Free-to-air Broadcasting and the GAA

The evolution of the modern sports league is directly linked to the growth of broadcasting revenue in sport. While many see sports broadcasting as a public good, since the late 1980s there has been a general migration towards subscription-based, satellite channels. The emergence of satellite broadcasting changed the position from one where content competed for scarce distribution outlets on terrestrial television, to one where there is an abundance of spectrum competing for scarce content. The general improvement in broadcasting technology and changes to the regulatory environment have aided this movement, allowing for restricted access.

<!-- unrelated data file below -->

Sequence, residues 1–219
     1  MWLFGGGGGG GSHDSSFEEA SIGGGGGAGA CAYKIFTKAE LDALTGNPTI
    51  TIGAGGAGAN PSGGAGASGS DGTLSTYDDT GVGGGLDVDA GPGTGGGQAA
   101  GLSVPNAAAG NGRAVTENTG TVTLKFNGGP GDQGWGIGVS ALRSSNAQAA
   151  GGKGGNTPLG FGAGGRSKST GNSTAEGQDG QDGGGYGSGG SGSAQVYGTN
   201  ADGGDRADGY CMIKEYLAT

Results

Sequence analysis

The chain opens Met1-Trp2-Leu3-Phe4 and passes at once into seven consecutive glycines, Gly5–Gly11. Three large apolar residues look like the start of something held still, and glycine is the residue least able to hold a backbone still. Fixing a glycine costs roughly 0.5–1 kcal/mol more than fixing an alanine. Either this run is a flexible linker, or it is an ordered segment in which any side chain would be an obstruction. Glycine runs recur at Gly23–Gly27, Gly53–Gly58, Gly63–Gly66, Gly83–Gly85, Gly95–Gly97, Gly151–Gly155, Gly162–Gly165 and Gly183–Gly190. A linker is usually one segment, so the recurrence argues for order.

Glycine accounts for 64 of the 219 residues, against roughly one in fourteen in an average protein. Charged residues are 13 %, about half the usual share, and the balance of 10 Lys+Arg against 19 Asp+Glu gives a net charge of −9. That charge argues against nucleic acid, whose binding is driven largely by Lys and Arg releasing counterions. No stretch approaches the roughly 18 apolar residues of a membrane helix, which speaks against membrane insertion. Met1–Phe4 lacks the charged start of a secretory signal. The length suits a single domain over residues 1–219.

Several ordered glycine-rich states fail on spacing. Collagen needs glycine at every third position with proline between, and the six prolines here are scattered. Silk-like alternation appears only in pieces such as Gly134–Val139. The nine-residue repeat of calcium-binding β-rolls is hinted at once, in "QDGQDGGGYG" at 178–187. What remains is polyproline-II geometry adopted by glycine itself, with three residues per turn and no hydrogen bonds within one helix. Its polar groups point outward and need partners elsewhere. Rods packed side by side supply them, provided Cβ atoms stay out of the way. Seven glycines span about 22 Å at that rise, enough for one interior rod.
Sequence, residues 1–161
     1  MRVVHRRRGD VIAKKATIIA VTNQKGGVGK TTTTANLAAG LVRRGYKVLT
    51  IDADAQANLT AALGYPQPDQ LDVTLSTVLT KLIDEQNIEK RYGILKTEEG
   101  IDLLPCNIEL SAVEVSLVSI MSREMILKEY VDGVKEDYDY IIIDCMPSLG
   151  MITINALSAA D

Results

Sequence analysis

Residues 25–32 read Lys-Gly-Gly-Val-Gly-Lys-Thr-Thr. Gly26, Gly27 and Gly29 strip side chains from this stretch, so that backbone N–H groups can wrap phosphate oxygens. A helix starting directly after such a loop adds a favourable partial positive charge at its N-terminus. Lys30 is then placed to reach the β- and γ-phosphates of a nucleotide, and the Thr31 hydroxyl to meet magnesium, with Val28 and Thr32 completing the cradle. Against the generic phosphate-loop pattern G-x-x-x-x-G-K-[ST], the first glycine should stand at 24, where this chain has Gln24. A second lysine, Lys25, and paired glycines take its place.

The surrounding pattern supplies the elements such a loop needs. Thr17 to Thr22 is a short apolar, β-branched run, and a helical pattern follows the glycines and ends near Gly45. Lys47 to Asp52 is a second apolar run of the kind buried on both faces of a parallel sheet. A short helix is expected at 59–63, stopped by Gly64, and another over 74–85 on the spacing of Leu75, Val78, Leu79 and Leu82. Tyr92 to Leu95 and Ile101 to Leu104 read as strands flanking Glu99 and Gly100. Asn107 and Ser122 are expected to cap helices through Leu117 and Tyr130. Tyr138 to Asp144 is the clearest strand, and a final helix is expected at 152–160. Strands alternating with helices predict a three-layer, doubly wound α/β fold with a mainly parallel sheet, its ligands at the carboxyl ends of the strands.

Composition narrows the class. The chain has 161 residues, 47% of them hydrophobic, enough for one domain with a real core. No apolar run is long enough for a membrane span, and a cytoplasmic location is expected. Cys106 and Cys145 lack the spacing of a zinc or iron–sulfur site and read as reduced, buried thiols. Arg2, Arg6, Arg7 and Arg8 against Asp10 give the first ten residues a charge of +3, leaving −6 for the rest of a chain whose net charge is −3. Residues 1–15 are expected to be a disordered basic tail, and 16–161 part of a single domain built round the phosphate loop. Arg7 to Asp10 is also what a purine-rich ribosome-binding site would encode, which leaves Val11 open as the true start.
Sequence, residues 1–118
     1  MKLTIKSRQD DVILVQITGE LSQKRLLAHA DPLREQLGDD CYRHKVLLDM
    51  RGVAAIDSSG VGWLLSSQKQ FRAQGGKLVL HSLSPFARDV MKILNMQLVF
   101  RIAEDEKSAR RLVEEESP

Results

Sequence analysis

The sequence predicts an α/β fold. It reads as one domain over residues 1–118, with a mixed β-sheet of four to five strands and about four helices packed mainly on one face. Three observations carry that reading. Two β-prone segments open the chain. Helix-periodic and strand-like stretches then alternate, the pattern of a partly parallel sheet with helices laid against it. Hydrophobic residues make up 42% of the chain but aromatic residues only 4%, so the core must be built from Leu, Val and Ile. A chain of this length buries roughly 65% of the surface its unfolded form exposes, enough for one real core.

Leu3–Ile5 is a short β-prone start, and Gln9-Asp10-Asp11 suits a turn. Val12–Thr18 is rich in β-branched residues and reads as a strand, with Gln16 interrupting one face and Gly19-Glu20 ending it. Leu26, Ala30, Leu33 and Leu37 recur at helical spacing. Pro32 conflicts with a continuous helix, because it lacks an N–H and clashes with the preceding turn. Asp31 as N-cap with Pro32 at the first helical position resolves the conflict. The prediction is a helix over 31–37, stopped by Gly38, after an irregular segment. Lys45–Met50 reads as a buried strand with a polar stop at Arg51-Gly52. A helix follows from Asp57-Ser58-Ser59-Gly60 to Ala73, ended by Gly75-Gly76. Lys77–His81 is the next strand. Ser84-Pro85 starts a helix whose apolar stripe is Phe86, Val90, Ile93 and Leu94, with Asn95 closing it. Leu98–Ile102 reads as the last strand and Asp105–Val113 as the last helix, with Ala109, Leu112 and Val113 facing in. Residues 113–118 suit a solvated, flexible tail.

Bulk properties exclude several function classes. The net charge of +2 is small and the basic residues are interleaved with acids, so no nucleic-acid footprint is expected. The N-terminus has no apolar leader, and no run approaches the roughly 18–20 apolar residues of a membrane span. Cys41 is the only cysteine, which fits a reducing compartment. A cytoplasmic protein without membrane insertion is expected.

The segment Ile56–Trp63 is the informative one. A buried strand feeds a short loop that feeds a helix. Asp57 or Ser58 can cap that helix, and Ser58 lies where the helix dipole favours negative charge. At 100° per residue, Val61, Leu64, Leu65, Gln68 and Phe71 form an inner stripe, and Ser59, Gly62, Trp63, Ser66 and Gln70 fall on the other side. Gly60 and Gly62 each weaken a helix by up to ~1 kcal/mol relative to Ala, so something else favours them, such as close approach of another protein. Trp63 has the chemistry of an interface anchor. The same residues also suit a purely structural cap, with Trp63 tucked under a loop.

Like all sports, the GAA has adapted to this evolution. In 2014 the organisation sold broadcasting rights to BSkyB, with 20 matches shown on its Sky Sports channels, 14 of which are exclusive. The continuation of this deal to 2022 has been argued on the grounds that it promotes the game internationally and provides coverage to Irish emigrants.

Not everyone is happy with this. Speaking on The Sunday Game, RTÉ hurling analyst Michael Duignan said that “the biggest disgrace of the weekend was on Saturday evening, that the Waterford-Kilkenny wasn’t shown on free-to-air television”. He continued: “The Sky deal is so wrong on so many levels and it’s not because I’m in RTÉ working for the Sunday Game. My parents are at home. My father is 83 years of age. A savage hurling man. Why should he go to the pub? He doesn’t go to the pub to watch a match. They have enough money in the GAA. How much money do they want? What about the people who have supported it all their lives that can’t watch it? I think it’s disgraceful.”